Roundhouse talks continue

August 19, 1998

From staff reports

Hagerstown and Washington County elected officials discussed the possibility joining forces to save the roundhouse from demolition on Tuesday, but weren't optimistic about chances for success.

After Hagerstown Roundhouse Museum Inc. officials and supporters asked them for a letter of intent to acquire the property, elected officials said there environmental and legal issues still needed to be addressed.

Hagerstown Councilwoman Susan Saum-Wicklein said the city alone cannot buy the property, but there's potential to save it if the city and county did so as partners.


Talks between city officials and CSX Real Property Inc., which owns the 46-acre complex along South Burhans Boulevard, broke down last week after the two sides couldn't agree on access and liability terms.

Commissioners John Shank, R. Lee Downey and Ronald L. Bowers said they would like to save the roundhouse, but had concerns.

The commissioners said they want to be sure liability problems, cleanup costs, and inability to resell the property would not turn the gift into a financial nightmare.

The commissioners wanted to know if they could immediately resell the property to the museum or other buyer.

John Darnell with the office of U.S. Rep. Roscoe Bartlett, R-Md., said CSX doesn't want the property resold to the museum because it isn't financially strong enough.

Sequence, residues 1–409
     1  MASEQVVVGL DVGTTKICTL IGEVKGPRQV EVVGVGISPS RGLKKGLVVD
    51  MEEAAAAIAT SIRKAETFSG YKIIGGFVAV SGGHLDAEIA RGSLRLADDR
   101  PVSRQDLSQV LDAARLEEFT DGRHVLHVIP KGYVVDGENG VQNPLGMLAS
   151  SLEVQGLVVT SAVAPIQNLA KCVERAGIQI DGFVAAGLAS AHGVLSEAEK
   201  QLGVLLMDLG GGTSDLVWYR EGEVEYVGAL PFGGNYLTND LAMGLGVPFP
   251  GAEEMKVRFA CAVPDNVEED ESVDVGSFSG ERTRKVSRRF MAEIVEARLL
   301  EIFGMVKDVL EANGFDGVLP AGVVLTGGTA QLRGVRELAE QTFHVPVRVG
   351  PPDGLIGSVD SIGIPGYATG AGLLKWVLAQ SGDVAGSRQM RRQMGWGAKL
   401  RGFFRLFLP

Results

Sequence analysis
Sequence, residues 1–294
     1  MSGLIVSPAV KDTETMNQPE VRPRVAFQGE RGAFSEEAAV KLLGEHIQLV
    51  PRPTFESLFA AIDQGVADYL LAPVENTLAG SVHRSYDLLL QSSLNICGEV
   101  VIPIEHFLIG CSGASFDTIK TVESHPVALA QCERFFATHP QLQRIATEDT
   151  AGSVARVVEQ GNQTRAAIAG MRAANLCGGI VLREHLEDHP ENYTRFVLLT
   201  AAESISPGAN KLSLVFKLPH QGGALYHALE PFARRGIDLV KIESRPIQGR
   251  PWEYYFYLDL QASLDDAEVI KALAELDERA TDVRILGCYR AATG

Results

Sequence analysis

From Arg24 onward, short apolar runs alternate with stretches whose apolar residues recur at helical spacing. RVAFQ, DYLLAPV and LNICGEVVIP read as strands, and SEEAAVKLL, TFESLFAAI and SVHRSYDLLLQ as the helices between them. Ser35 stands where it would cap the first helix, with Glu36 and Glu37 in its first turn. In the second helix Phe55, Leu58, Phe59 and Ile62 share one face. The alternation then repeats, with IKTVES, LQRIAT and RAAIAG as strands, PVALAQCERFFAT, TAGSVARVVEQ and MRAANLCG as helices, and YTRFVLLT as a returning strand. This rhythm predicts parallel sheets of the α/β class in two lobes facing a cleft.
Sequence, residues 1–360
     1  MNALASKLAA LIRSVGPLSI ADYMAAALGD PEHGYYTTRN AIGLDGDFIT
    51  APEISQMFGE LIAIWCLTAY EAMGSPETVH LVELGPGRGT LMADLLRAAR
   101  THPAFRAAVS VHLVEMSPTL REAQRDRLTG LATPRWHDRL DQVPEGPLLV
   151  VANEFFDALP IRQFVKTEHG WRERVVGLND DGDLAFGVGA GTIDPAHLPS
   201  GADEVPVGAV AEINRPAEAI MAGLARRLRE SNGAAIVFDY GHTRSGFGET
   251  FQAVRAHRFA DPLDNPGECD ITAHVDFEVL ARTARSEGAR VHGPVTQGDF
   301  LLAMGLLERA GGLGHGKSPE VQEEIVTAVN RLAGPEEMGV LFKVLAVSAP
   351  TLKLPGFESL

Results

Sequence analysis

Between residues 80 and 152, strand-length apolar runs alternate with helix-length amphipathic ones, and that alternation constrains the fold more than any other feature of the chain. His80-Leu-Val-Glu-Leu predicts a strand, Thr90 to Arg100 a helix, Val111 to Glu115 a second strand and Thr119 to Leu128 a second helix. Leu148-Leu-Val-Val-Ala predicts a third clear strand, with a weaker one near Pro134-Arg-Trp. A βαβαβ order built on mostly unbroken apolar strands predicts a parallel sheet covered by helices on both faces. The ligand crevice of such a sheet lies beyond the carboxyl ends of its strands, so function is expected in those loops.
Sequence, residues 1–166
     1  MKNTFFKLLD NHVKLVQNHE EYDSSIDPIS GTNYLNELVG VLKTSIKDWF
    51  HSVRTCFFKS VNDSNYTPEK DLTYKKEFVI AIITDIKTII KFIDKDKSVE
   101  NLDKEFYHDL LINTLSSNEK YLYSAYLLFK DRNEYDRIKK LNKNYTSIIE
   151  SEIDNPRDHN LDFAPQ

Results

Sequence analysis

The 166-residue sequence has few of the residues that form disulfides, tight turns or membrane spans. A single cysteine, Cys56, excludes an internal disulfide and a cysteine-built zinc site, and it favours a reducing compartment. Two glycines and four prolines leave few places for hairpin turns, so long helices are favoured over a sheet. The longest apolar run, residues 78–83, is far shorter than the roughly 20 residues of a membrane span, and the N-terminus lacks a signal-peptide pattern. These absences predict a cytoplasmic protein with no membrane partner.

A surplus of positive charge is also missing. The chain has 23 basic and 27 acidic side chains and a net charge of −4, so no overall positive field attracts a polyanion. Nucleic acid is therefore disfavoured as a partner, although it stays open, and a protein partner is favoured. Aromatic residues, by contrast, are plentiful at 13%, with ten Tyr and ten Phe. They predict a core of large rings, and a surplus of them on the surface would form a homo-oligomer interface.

Commissioners President Gregory I. Snook said he was concerned that if the property were contaminated, financial institutions might not offer loans needed to develop it.

"I want to know my worst-case risk," said Commissioner James R. Wade.

Roundhouse supporters said both U.S. senators, state legislators, and Bartlett supported purchase of the roundhouse.

"That argument means nothing to me. They've got nothing to lose is my point," Wade said.

Roundhouse supporters discussed the matter with the commissioners during their morning meeting and again in the afternoon at a joint meeting with Hagerstown's mayor and City Council.

Workers began removing asbestos from the roundhouse complex this week, including removing the roofs from some buildings to get to pipes with asbestos, officials said.

CSX has a permit to demolish 14 of the 36 structures that don't have asbestos.

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